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I met with a small CPG food start-up recently and the discussion focused on the company’s growth strategy.  Only 6 months old, the start-up is generating online sales and is looking to retail distribution, which is the primary reason why I was there.  It is entering a crowded and competitive CPG category for its product (what food CPG category isn’t crowded with competitors these days?), and needs help in figuring out how to hit retail with a line or two of products that provide compelling features and benefits and which afford the company some competitive advantages.

While nothing was decided in the meeting, I think I may have convinced the company to not go the consumer route, which also means they won’t be hiring me, since my focus is consumer products and brands.  Here’s why:

1.  What’s important to the company owners?  The founders/owners place a high priority in sourcing their raw materials from farmers that have sustainable environmental and labor practices.  This is so important that one of the founders spends 6 month a year traveling overseas to develop sourcing relationships with farmers and their communities.

2.  What value is the company creating?  The company has spent generous time and resources cultivating its supply chain.  Most small consumer companies focus more on the consumer brand by carefully developing the features, benefits and competitive advantages of the products.  They go to suppliers who have the systems, processes and expertise to source the raw materials from farms.  The raw materials purchased by this company include unique crop varieties not found anywhere else, which they can further blend to create distinct flavors.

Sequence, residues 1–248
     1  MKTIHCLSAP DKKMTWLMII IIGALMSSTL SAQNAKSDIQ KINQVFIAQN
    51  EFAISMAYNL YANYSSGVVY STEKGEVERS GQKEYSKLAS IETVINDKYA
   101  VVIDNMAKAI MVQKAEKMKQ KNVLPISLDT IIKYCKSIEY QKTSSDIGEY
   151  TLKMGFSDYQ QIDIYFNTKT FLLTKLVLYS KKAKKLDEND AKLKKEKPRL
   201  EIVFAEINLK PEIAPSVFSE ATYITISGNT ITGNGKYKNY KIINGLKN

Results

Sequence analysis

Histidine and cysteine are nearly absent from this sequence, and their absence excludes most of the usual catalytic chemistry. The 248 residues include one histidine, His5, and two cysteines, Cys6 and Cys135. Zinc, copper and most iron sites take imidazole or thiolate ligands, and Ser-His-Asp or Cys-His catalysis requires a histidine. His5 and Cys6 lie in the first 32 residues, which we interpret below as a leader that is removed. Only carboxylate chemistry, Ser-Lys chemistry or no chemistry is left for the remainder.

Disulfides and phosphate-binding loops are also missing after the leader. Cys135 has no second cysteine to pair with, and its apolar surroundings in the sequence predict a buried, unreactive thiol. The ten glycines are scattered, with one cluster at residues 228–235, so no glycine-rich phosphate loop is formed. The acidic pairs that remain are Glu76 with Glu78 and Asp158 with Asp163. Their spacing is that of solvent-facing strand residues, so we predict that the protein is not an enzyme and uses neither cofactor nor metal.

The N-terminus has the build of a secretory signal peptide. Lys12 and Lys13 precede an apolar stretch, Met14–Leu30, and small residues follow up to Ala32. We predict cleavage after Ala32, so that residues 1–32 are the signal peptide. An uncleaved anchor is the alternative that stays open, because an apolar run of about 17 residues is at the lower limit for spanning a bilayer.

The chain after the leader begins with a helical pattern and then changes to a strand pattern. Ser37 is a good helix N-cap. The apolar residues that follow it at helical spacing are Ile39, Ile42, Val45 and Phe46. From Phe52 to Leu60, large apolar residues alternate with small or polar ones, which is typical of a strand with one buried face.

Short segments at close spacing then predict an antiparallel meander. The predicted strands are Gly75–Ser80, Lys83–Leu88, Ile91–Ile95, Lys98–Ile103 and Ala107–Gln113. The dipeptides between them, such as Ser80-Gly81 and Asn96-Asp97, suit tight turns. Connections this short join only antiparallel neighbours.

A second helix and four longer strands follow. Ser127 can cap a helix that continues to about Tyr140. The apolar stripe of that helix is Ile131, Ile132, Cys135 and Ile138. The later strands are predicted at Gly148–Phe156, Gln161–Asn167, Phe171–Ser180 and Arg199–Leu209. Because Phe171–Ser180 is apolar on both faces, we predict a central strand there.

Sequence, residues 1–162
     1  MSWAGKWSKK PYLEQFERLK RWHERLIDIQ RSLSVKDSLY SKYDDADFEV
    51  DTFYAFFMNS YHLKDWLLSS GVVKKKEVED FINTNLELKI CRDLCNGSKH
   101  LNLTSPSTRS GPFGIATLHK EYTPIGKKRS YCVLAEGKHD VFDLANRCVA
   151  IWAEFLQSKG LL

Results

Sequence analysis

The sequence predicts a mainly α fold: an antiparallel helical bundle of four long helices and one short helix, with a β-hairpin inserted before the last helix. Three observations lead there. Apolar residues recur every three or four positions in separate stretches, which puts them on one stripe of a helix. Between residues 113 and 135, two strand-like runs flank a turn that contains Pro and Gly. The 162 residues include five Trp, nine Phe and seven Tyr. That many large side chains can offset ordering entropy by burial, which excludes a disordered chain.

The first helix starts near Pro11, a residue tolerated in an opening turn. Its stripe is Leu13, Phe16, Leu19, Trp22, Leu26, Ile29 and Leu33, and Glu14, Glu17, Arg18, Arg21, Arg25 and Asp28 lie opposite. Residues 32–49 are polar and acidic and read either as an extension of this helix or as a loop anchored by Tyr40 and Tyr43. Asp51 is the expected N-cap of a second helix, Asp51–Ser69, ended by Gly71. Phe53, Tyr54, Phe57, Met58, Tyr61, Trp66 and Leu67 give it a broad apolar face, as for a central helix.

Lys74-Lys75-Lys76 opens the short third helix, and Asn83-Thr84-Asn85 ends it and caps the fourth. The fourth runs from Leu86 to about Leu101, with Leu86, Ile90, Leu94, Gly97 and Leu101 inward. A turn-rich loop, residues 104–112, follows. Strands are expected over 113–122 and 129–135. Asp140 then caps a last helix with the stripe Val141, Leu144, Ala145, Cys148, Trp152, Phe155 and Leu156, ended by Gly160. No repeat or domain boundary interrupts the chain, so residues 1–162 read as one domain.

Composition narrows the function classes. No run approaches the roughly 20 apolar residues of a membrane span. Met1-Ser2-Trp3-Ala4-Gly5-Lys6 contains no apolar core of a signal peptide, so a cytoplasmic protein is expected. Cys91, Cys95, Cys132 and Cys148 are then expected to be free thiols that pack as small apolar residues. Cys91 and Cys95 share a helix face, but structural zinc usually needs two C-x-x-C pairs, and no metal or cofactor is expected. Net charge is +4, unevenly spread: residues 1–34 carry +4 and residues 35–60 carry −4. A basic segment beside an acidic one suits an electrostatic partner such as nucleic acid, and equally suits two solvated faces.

3.  Where can this value be most profitable to the company? To answer this question, its critical to understand where the industry is going.  In this case, the industry that this company operates may be moving in the direction that coffee and tea have already been.  In the last few decades, these industries have seen a proliferation of demand for blends and flavors that are further differentiated by where they are geographically sourced.  As a result, the industries have fragmented with many competitors, large and small, fighting for the consumer’s mindshare.

In the final analysis, the company may be better off becoming a raw materials suppliers to other brands, wholesale and institutional buyers and take a pass on directly developing a consumer brand and products.  It appears that they may have developed some competitive advantages with their ability to source raw materials that have unique flavor characteristics not found anywhere else in the world.  With this advantage, why not sell to other brands and let them duke it out in the marketplace for a share of the consumer’s wallet.  For a small CPG start-up, it is difficult enough just focusing on developing the consumer brand and retail products.  Trying to also develop and own the supply chain and manufacturing spreads management too thin and requires far more investment that may not yield the ROI.




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